Imagine a decrepit old house, long vacant, with pane-less windows staring gap-toothed from weathered and rotting boards. An old house destined for demolition in an historic neighborhood just shy of the Detroit city limits. An eyesore by most sane person’s standards, yes?
But Lisa Waud, a floral Artist (with a capital A) saw possibility, saw opportunity, saw potential for beauty in many senses of the word. She bought the house, paid all of $250 for it, and launched a plan to gather her colleagues in the world of floral design and fill the house with flowers, make it a huge artistic installation of floral beauty. She would charge admission, then donate the proceeds to a neighborhood reclamation project, one that would create a living, breathing, flower garden on the empty site.
Last week, my friend Christa and I were one of the thousands of people who wandered through this work of art, marveling at the riotous splashes of floral color, at the quirky and creative ways flowers were used - to make shower curtains, to fill bathtubs, to cover ceilings and doors and rusty pipes. Every inch of this dilapidated structure was transformed into a flowery feast for the eyes through the genius and insight of floral designers from New York to Los Angeles who donated their time for a chance to play in this house.
And Play it must have been (with a Capital P). In my mind’s eye, I can see them set loose like kids in a candy shop, with free reign to let their imaginations run wild. For once there were no brides requirements to meet, no funereal standards to uphold, no society matrons outdated ideas, no film producers outlandish requests. For these were no stuffy arrangements, set nicely on counters or tables. This was confetti. This was diamonds. This was flowers like you’ve never seen them before.
This was flowery artistic Play.
We don’t get to Play very often anymore, not in the course of our work at least. Like everyone who works for a living, Artists of all types find themselves conforming to standard, to structure, in order to make ends meet. It’s often necessary to play by someone else’s rules - the client, the conductor, the editor, the patron.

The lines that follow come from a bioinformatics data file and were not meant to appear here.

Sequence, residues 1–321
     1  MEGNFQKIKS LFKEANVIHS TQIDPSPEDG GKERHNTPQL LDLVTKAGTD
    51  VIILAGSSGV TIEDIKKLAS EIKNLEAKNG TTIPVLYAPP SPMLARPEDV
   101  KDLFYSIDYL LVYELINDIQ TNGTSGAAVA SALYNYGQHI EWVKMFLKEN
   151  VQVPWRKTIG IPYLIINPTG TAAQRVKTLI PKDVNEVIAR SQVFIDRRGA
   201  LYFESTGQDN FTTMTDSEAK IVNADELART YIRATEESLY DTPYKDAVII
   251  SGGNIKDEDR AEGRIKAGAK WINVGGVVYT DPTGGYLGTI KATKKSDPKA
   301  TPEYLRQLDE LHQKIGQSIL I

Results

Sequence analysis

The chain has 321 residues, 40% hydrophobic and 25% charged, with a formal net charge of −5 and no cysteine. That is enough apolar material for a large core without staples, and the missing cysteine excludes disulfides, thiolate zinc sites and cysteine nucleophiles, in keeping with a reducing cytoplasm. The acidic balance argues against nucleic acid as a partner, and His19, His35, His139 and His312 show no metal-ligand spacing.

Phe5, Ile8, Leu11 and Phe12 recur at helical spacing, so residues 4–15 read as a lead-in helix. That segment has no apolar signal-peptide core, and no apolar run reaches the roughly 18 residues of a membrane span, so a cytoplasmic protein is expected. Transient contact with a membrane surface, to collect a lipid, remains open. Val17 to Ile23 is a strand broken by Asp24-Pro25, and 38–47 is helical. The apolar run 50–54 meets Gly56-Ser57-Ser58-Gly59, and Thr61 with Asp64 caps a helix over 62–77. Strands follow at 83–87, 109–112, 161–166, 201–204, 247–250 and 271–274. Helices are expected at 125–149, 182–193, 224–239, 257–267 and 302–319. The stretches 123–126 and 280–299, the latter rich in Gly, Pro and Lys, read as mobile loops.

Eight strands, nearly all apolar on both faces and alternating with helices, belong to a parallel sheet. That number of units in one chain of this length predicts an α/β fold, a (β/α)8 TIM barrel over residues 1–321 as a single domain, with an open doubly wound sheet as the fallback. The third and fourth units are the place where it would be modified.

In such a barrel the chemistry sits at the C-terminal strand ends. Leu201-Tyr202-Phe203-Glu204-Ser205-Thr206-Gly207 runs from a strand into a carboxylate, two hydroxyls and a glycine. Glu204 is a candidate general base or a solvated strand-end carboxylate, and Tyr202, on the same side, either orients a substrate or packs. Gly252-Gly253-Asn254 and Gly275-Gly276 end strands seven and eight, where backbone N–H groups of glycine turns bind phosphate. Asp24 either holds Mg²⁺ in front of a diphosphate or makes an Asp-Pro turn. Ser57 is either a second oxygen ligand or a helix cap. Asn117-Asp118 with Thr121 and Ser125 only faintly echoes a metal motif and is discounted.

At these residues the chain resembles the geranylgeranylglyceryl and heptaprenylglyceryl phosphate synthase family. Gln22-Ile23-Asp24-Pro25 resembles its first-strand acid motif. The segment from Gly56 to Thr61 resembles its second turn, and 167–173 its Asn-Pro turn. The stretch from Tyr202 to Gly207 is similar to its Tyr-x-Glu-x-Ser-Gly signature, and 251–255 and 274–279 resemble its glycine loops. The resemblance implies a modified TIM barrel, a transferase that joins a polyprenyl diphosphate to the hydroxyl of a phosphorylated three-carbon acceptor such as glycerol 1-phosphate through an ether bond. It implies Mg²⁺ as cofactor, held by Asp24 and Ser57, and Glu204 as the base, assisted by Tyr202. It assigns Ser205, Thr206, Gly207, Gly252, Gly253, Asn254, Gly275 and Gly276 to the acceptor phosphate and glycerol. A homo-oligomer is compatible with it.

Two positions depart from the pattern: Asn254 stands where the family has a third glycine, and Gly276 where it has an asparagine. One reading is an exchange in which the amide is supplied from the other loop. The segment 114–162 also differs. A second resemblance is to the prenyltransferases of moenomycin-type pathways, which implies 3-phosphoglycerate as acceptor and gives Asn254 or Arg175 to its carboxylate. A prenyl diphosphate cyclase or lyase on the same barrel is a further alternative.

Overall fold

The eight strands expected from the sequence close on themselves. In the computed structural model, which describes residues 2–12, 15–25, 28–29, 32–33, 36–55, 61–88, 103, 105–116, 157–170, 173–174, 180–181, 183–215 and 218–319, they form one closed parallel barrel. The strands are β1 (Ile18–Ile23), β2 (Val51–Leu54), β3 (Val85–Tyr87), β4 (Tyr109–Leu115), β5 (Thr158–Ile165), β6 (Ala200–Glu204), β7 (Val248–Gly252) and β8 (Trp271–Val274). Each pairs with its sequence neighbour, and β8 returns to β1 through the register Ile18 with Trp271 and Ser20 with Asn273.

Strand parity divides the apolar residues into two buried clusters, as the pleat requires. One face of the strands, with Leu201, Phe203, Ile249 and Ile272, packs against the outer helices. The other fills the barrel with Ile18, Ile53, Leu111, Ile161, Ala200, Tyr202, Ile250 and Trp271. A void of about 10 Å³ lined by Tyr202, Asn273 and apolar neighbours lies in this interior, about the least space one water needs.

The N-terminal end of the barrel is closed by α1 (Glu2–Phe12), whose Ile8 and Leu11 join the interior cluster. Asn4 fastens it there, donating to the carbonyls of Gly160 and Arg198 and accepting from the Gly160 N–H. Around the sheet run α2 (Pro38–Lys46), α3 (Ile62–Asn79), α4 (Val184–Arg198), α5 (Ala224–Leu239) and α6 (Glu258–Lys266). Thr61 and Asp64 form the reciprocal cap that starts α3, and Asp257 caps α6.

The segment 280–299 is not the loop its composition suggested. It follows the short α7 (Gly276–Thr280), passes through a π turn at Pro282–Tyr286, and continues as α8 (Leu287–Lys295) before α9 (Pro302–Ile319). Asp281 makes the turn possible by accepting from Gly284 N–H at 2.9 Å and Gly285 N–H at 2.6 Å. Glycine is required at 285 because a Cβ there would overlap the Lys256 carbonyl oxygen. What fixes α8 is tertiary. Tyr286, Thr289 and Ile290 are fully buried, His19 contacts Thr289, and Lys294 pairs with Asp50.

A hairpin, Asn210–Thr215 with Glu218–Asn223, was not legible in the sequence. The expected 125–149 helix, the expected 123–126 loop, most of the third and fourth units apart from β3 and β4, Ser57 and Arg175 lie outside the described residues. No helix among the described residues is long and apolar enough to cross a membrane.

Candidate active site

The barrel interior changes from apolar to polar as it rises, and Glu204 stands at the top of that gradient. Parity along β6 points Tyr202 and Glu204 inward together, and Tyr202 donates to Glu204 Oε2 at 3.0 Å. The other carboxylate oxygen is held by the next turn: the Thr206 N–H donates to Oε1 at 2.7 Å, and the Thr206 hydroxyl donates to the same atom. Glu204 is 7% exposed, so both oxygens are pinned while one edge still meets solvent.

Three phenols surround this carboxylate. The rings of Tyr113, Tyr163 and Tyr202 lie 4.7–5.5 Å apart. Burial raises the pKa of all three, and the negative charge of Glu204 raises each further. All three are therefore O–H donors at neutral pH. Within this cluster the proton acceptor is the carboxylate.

And yet, Play - and it’s corollary, Joy - are such vital aspects of the Artist’s creative impulse. I can imagine the floral designers who created the Flower House will work off the high of that creation for months, if not for the rest of their careers. That spirit of freedom they must have felt, of letting their imaginations run wild, can only inspire more greatness from them as they go back decorating weddings, funerals, movie sets and penthouse apartments. It will be something they return to in their minds on days when the work seems dull, when the client makes requests that seem offensive. They will close their eyes, inhale the memory of cascades of lavender drifting from a weathered rooftop, feel the warmth of a huge sunflower ceiling overhead, be eased by the genteel bower of pink roses spilling from cracks in the wall.
They will remember Playing in the Flower House.
And those who saw it, like Christa and I, those who walked through in our allotted 20 minutes of time, could barely take it all in, all this beauty juxtaposed with the worn and dying timbers of a dying house, was almost too much to bear. Our eyes didn’t know where to look first, what to gaze at longest, what scenes to commit to photograph, to commit to memory. Neither will we ever forget.
It was fitting, I thought, to open the Flower House in autumn. This homage to the kind of color and life only flowers can bring, all these harbingers of spring were surrounded by evidence of the opposite end of that cycle in the crimson and golden leaves on the trees throughout the neighborhood. As I wandered from tiny room to tiny room in his cramped old home, I couldn’t help but wonder...who had once lived here? And couldn’t help feel a pang to realize that soon those walls would come tumbling down, all the memories of lives once lived within them whisked away in the wake of the wrecking ball.
But to go out in such a blaze of glory? Who - or what - could ask for more.
I think Christa and I were both inspired by the Flower House, inspired to honor the spirit of imagination, to rediscover our own abilities to Play more often in our respective arts. Inspired to dream big, whether those dreams be of beautiful music well played or wonderful words well written. To know that even within our most tired and worn down moments, we could be festooned with beauty and radiate joy.
Inspired to Play.
Read more about The Flower House and take a visual tour.